Tuesday, July 24, 2007

Drowned by Hyperbole

Having failed to create mass public panics with their lurid reporting of terror attacks, bird flu and snow, the good old British media are now talking up a new threat to our existence: water. Yes folks, whilst Britannia may well have ruled the waves, those same waves are now threatening to destroy Britain. Or, to put it another way, the very water which gives us life is now hell-bent on taking our lives. Is it just me, or is the reporting of the current flooding problems being experienced in some parts of the UK just slightly over the top? The other day I heard the panic-stricken tones of a radio reporter telling us that in Tewkesbury, some 'survivors' were still clinging to their homes and possessions. Excuse me, but doesn't the term 'survivors' imply that there has been a significant number of fatalities? How many were there in reality? Um, none. Actually. If it isn't that kind of hyperbole, then we're being subjected to alarmist reports by men in suits and wellington boots stood on towpaths telling us that the river only needs to rise another two inches and yet another town will be flooded. Of course, once it is flooded, then there will be mass looting. By gangs of looters in boats, presumably. Breaking into people's water-filled houses and stealing their water-sodden possessions.

For me, the whole thing reached a nadir when I saw an ITV news broadcast anchored from flooded Tewkesbury by a man standing in water up to his knees. For God's sake! Why not just go the whole hog and sit him behind a desk in a flooded street and have him say "And now for something completely different" at the end of each item? I fail to understand this current penchant for having news programmes presented direct from war zones and disaster areas. Does it actually make the news any more direct, or better reported? Of course not. It is just another patronising attempt to make it seem 'real' and that the media are really 'in touch' with us 'ordinary' people. Frankly, I'm getting pretty sick of all this repetitious reporting of the situation. So we've experienced some bad flooding, it's happened before, it'll happen again. Report some news for God's sake. I'm tired of being told that "five thousand people are without running water", (actually, they do have running water. It's running down their walls and across their floors). OK, I know that it's easy for me to be complacent - I live in a house which is part of a raised terrace, flooding isn't an issue for me - but really, those areas which are affected will probably get back to normal much quicker if all those bloody reporters and film crews pissed off back to London and left them alone.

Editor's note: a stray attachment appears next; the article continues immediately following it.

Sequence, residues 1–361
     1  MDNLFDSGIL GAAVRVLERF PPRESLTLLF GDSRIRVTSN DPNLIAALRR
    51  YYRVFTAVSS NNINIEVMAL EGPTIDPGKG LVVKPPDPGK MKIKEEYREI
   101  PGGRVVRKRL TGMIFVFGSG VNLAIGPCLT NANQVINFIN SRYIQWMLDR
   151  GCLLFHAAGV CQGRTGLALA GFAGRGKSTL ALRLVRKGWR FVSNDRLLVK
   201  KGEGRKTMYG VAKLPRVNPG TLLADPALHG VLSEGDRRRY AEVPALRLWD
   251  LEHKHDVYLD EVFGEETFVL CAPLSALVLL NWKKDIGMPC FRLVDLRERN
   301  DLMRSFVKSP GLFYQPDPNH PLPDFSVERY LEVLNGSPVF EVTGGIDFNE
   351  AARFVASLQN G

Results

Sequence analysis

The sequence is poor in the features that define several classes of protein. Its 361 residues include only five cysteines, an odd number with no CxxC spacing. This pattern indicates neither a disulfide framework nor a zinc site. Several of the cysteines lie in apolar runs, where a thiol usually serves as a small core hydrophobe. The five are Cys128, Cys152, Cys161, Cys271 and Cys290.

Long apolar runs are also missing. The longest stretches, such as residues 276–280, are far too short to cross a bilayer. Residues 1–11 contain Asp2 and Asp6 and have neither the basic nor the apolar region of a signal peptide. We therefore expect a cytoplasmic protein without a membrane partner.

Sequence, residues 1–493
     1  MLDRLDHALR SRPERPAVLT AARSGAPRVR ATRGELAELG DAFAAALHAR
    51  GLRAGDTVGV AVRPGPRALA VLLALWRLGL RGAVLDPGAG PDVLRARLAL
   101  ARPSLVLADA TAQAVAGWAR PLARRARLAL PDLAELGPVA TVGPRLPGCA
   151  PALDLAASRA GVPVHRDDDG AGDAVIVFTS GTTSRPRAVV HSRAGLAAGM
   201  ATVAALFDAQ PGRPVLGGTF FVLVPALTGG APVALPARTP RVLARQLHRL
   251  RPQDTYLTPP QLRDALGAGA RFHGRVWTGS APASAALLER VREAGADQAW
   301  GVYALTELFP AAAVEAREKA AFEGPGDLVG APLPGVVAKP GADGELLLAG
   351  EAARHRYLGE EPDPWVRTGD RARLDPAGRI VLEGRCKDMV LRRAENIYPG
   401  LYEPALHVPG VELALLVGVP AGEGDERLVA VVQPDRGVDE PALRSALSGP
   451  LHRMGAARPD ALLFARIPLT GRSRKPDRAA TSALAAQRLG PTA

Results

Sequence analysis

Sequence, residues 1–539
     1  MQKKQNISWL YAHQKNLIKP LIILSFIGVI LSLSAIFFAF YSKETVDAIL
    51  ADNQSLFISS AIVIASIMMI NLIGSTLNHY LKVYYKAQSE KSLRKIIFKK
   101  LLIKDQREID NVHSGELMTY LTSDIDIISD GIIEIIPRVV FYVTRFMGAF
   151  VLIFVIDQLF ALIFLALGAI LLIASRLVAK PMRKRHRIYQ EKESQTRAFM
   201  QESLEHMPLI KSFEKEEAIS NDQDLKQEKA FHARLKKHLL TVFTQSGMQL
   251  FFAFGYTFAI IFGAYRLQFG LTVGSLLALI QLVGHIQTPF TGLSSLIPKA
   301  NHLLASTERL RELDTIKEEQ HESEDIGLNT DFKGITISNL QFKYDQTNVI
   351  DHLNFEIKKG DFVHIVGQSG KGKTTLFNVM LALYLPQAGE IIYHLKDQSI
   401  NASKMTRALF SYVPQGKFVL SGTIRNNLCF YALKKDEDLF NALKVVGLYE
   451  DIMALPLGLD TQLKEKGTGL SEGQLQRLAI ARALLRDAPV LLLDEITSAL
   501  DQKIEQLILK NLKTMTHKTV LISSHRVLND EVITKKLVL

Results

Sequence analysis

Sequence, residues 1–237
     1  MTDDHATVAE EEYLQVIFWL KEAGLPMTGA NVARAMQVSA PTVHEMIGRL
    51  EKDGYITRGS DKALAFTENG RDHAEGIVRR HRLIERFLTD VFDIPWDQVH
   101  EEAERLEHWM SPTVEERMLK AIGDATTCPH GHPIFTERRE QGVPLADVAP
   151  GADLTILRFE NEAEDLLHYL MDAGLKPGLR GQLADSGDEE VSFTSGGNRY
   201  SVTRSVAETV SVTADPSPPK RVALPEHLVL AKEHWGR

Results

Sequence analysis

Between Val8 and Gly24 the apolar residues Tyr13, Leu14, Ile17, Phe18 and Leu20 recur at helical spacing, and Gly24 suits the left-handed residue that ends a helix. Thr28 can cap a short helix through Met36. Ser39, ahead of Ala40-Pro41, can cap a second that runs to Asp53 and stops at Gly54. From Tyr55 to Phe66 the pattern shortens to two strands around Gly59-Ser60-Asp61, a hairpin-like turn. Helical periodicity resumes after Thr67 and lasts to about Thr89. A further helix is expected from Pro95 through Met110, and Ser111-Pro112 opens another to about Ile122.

But what do I know? Apparently it is a national disaster and the government has to do something. Clearly, the country's under threat, so there's only one thing to do - declare a war on water and send in the military. I can just picture hordes of soldiers being forced to retreat by a deluge of angry water, futilely firing their weapons at it. Of course, this once again raises the question originally posed by Garth Marenghi: can water die? What will it take to stop the creeping liquid menace? Air strikes? Depth charges? Maybe even the nuclear option? But what's behind it all? Why has our once friendly water suddenly turned on us? Is it Mother Earth rebelling at human pollution and global warming? Or maybe it's down to those bloody immigrants, eh? It stands to reason, with millions of them swamping the country, it's bound to sink - it just can't take their weight. Maybe that's what David Cameron will tell us, (from the relative safety of Africa). Or maybe, just maybe, it's all a conspiracy by Gordon Brown, to boost him in the polls by showing how well he can handle a crisis. Whatever it is, it surely can't just be a natural process, now can it? That just wouldn't be dramatic enough for the media.



Post a Comment

Subscribe to Post Comments [Atom]

<< Home